Applications for the yearly Husky 100 have opened.
Are you a student that feels like you have made the most of your time and experience here UWT? Why not join the distinguished ranks of becoming a Husky 100.
The Husky 100, which is a tri-campus initiative, has been selecting 100 UW students each year since 2016. These students are recognized for their time spent at UW and have made the most of their experience here helping their community, the school campus, as well as using their skills to benefit their future.
The benefits of becoming part of the Husky 100 range from formal recognition from UW’s top leadership, along with mementos awarded to the recipients, support that will give the recipients access to advising, counseling and mentorship, opportunities to expand their networks and be featured on the Husky 100 page.
While it may sound a little intimidating, individuals like Kelly Tyrrell, are trying to help students with their applications in an effort to increase Tacoma representation in the Husky 100. Tyrrell is a program support specialist for student life at UWT, and alumna of 2018, wanting to help aid UWT students’ brand and share their stories for important distinctions such as the Husky 100.
January can be a busy time for Tyrrell, who opens her schedule for workshops, one-on-ones, and other forms of support to help students with their Husky 100 applications.
“If you need help or want information, just come to me directly, we have a small enough group here at Tacoma where it is totally cool,” Tyrrell said.
Tyrrell notes that the application process can be daunting for students and calls for a variety of factors for students to tie into their personal essays as to why they should be selected for the Husky 100. On the Husky 100 website this includes “connecting the dots,” “discovery mindset,” “commitment to inclusive community,” “capacity for leadership,” as well as “ready for what is next.”
Students, when applying, are expected to tie all these aspects into a formal essay for their application, or they may submit a video or e-portfolio.
Tyrrell elaborated more on the benefits and rewards of becoming a part of the Husky 100 that will lead to a celebration in Seattle that will be the first in-person celebration in a few years due to COVID. Students will be recognized by the chancellors of all three schools as well as faculty and staff and will receive medals and mementos dedicated to the Husky 100.
“We are very excited about the energy surrounding this,” Tyrrell said.
Previous recipient of the Husky 100 Steven Simmons, received the distinction in 2021 and now has a Master of Social Work and is an outreach program manager for Community Action of Skagit County, notes the honor he felt receiving the award, especially as a student representing the previously incarcerated student population.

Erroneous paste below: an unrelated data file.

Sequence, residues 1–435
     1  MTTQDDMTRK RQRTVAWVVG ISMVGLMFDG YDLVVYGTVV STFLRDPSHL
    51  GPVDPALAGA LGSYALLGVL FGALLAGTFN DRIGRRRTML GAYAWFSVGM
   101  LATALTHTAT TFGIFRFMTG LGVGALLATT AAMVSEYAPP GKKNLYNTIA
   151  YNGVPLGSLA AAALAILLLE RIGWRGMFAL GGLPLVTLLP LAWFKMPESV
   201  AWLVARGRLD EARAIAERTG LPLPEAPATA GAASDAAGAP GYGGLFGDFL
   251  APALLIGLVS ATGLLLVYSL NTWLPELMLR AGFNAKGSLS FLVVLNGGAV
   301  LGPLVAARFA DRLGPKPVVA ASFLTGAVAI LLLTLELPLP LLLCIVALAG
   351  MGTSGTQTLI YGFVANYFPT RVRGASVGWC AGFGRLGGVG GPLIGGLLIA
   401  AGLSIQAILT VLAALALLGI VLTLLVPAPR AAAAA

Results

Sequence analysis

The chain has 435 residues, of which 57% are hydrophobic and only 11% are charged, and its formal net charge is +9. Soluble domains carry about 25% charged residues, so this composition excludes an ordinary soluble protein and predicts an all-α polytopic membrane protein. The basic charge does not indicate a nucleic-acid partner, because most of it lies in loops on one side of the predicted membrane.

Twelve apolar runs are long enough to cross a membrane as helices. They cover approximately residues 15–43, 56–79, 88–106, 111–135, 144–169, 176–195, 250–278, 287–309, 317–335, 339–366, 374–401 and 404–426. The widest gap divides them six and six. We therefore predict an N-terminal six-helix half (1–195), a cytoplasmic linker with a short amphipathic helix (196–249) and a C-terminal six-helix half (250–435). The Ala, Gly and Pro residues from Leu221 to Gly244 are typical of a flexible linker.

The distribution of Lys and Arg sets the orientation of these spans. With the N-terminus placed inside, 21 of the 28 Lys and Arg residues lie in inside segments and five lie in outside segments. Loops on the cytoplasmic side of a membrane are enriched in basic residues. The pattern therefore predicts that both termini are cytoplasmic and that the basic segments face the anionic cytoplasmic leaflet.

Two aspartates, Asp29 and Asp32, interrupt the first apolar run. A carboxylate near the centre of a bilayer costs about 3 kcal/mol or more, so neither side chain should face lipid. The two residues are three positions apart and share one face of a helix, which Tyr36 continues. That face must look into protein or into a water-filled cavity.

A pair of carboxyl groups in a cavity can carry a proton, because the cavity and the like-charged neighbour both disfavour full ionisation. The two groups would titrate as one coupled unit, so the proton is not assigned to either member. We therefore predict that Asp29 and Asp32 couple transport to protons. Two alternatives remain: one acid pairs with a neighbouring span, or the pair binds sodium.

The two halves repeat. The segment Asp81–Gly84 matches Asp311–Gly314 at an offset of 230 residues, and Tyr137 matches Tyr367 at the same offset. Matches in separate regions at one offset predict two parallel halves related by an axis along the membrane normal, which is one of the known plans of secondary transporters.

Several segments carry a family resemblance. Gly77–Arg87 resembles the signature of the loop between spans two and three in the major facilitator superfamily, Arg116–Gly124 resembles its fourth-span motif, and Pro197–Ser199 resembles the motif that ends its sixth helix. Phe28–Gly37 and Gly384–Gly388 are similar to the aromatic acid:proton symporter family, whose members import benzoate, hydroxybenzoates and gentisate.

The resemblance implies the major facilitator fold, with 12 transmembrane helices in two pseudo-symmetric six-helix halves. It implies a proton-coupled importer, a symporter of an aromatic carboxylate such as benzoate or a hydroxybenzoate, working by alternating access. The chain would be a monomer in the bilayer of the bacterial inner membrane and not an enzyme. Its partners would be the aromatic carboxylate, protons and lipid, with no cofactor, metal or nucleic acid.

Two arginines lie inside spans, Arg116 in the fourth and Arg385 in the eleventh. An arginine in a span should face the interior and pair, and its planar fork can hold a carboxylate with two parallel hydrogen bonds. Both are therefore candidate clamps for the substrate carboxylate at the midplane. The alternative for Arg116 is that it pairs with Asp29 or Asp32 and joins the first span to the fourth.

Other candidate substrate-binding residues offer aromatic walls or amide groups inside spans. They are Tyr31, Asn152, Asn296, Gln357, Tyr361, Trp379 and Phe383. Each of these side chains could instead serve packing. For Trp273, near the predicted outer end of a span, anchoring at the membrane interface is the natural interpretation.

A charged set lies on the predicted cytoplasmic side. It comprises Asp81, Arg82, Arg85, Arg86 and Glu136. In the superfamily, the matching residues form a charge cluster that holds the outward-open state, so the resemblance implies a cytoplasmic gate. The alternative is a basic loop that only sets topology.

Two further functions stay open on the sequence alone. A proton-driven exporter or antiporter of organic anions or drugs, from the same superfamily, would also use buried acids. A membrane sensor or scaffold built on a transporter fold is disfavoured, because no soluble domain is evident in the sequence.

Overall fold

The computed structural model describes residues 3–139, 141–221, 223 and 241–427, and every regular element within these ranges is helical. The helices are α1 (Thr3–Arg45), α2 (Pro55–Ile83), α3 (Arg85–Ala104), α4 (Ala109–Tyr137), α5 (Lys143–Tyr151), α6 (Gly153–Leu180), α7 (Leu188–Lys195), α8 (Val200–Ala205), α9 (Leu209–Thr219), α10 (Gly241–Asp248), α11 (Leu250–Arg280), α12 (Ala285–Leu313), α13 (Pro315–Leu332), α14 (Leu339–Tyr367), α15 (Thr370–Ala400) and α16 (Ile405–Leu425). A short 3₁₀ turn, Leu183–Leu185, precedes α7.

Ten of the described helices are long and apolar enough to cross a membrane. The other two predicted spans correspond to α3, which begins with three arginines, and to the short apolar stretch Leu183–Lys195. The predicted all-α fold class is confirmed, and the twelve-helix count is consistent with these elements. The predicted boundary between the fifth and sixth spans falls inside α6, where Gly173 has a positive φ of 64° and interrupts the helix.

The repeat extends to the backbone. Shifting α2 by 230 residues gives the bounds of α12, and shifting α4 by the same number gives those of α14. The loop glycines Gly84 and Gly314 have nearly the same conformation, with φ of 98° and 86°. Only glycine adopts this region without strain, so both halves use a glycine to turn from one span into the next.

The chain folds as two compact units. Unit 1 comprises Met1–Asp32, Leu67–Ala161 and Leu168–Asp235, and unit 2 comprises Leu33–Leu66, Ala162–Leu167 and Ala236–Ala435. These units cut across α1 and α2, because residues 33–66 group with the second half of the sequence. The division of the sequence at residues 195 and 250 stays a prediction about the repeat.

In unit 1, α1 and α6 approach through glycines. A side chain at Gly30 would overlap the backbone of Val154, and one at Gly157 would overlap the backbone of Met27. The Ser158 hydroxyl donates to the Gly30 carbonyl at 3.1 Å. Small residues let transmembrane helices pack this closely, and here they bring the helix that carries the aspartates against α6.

“I was really excited for the opportunity to put myself forward as a formerly incarcerated student to the entire UW community, and to hopefully show other students with this lived experience that they are not alone on these campuses and that we can lead from that position,” Simmons said.
Former 2021-2022 ASUWT President, Andre Jimenez reflected on what becoming a Husky 100 meant for them as well.
“It was an amazing opportunity to reflect on what I had been able to accomplish during my time at the University of Washington Tacoma. I had worked really hard serving my community, both on and off campus, and receiving the Husky 100 was a rewarding way to be recognized for the hard work and dedication I had put in over the past several years,” Jimenez said.
The network that the Husky 100 provides to recipients creates a special comradery between current and previous recipients.
“During my time at UWT I earned a few awards, but being awarded the Husky 100 certainly had one of the greatest reaches beyond campus. I was shocked at how many alumni reached out shortly after the Husky 100 was announced to congratulate me, or people I met in the weeks after that recognized me from the website,” Jimenez said.
“You are built into a cohort system where you already have a group of people who have gotten the same award as you and are recognized and we have it built in where you can contact past Husky 100 people who are in the field you want to be in, we can help you reach out for internships and all of this is built in a cohort mentality with the Husky 100,” Tyrell said.
If students are interested in applying for the Husky 100, applications are due February 6. Students can be nominated by faculty or staff but unfortunately the time period to nominate a student has passed at the time of publication for this piece (January 23).
When applying students will need 1-2 letters of recommendation, one needing to be from someone who is a UW faculty or staff member.
While faculty are encouraged to nominate students who they think should be a part of the Husky 100, this is not necessary to apply for the Husky 100 and will not affect your chances if you are not nominated.
Simmons recognized the apprehension some students may have when applying for the distinction of Husky 100 but noted the benefits and recognition are worth it.
“Go for it! There’s nothing to fear, even if you don’t win. Chances are, if you are even considering applying, that you already do more than typical students on your campus and in your community. You deserve a chance to be seen and to have this time and your work memorialized on the Husky 100 website,” Simmons said.
If you are interested in learning more about the Husky 100 and previous recipients, you can visit the Husky 100 website at https://www.washington.edu/husky100/ For general questions or support with your application, you can email Kelly Tyrrell at Ktyrrell@uw.edu